Monday, February 21, 2011

insights: it was the pink ears that got me



Icy, bitter, cold. Blue sunshiny sky. Being outside on that sunny January day the air was so bitter cold that just breathing hurt. I could feel the minuscule ice droplets in the air hit my teeth as if I were chewing an ice cube. I was walking to my car, pulling my wool hat down over my ears, my mittens grasping a cup of Earl Grey tea as I buried my face in my scarf, closing my eyes against the raging wind. In the car I turned the heater and seat warmer to high. On the radio the morning jocks bantered about the -10 windchill factor. I took a sip of my steaming bergamot tea and was putting the car in reverse when I saw them.

A woman in her 50’s, wearing a light blue windbreaker over a white t-shirt and dusty blue sweatpants was holding a sign. She was standing at the high traffic intersection to the entrance of the 405 wearing tennis shoes but no gloves, hat or scarf. I was close enough to see her bare hands were purple, curved about the sign asking for help, for a job, God bless it said. You see them all the time, the homeless, the destitute and you think, like I do, “God, how awful. I hope they find a job, a home.”

And then at her feet I saw it, or her rather. She was a mutt of undetermined origin, a small terrier perhaps, shades of white and grey with enormous pink ears. She was sitting on the cement sidewalk leaning against her owner. I watched the wind blow the dog’s tangled hair and the rope that was tied around her neck and connected at the other to her owner’s wrist. I was riveted. I froze walking the ten feet from Starbuck’s to my car and this woman and her dog were standing in the cold winter wind, nowhere else in the world to go.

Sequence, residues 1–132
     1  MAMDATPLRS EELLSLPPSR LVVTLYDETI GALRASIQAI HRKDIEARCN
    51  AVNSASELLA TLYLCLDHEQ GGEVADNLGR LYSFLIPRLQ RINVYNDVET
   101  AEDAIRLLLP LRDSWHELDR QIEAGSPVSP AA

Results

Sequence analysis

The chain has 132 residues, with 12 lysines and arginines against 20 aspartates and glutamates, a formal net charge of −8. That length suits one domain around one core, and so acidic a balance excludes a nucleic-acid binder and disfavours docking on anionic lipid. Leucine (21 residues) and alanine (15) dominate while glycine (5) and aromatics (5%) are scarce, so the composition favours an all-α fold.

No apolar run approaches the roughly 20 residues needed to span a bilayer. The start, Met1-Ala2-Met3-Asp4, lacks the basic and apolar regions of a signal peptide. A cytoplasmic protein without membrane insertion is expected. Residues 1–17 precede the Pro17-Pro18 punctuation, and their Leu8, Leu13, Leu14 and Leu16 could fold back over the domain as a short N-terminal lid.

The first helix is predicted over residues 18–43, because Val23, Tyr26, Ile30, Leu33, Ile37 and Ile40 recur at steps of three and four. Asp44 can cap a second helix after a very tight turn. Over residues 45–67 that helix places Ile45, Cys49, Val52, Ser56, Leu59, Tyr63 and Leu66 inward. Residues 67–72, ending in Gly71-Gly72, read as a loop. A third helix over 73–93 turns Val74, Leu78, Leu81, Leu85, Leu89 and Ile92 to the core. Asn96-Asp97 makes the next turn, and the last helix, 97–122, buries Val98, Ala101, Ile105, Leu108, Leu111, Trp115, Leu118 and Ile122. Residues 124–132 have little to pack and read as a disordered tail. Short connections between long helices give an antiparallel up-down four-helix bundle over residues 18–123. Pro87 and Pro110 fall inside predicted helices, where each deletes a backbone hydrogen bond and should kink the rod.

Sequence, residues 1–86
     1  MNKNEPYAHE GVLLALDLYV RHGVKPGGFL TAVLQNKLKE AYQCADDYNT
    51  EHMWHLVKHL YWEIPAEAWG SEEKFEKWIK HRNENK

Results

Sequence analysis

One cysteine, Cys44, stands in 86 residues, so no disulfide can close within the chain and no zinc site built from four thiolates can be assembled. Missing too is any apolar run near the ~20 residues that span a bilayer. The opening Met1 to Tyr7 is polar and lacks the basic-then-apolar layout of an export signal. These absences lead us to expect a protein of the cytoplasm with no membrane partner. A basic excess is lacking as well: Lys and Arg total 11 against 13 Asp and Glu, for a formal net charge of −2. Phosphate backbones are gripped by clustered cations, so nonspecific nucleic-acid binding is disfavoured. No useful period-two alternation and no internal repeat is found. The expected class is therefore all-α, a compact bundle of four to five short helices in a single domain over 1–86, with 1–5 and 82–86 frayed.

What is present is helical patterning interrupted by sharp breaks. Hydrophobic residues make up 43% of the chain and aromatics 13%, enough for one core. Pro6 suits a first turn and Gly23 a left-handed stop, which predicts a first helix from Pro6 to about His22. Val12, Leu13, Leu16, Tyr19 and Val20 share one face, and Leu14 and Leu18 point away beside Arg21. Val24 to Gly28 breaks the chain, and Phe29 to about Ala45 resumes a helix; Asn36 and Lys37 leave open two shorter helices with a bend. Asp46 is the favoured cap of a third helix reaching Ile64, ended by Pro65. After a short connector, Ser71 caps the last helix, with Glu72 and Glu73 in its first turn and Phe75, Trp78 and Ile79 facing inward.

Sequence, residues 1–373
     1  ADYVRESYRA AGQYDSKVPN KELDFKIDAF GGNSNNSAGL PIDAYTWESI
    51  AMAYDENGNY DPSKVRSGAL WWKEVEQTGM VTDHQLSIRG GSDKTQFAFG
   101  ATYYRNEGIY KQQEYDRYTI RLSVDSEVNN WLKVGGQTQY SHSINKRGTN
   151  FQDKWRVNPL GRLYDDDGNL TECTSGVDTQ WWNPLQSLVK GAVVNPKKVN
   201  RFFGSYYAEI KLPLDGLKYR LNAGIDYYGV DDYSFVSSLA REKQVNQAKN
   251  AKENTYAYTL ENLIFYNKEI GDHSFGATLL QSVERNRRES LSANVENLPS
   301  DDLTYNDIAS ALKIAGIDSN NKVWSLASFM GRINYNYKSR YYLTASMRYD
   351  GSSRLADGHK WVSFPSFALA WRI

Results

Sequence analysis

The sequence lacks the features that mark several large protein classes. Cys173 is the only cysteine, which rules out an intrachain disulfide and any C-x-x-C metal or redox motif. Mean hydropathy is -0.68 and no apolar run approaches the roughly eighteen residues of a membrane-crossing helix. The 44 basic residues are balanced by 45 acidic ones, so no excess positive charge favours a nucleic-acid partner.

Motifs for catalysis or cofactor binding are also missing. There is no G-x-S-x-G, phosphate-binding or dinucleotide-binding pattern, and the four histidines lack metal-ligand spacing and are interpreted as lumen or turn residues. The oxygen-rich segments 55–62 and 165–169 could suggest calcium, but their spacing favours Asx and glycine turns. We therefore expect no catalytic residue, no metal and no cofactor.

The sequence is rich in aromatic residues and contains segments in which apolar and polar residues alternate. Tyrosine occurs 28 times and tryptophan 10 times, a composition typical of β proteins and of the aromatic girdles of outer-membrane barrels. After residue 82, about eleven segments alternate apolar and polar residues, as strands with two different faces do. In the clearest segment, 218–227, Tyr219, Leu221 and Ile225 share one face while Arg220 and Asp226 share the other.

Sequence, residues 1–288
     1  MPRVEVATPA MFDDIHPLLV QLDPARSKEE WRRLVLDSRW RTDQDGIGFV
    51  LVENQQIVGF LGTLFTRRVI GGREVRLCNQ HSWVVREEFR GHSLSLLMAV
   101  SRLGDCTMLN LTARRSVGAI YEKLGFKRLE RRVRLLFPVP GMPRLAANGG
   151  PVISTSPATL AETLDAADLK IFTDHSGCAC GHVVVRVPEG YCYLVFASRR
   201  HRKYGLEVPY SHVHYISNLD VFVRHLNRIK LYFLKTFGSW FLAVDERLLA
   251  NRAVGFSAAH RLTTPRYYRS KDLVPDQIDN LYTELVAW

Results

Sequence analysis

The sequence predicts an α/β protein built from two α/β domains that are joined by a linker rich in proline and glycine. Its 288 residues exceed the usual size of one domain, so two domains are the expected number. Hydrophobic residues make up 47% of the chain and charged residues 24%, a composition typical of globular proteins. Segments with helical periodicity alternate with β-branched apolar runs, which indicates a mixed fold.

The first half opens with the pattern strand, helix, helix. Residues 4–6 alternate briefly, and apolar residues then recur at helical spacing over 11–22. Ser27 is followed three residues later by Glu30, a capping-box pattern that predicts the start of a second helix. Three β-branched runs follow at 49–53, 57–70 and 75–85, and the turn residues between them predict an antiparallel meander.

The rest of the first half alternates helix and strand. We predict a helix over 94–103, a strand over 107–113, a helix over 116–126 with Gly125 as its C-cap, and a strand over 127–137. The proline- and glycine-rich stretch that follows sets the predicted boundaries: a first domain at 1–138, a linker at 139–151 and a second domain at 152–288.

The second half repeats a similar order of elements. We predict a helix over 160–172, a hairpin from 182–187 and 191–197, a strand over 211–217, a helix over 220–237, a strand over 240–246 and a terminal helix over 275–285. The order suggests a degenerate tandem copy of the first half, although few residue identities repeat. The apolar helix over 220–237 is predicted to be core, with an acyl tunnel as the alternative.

I started to think.

When I started the Happy Girl Experiment I had just come off an 18 month-long exhausting period where everything that could go wrong did. After losing almost everything I valued in my life (including my life) I made a choice that I could either stay in the deep, dark hole I was in or make an effort to change my life and take notice of how I got there.

I decided that I needed to notice things in my life instead of gliding by on my la-di-da fabulous little life. When your life is good you tend to become narcissistic. I did. I was so concerned about my life, about which movies I was seeing that week, about what meetings I was (or wasn’t invited to), which flights I was taking that week for my job that I never noticed people or situations that weren’t in my little orbit. A Tsunami, yes terrible. Earthquake, awful, but it didn't affect ME or my world. Yes, say what you will. I agree. I wasn’t the nicest person in the world back then. I was all very much about me. Then of course I was knocked off my high horse and I was given the opportunity to get up and try again or stay on the ground.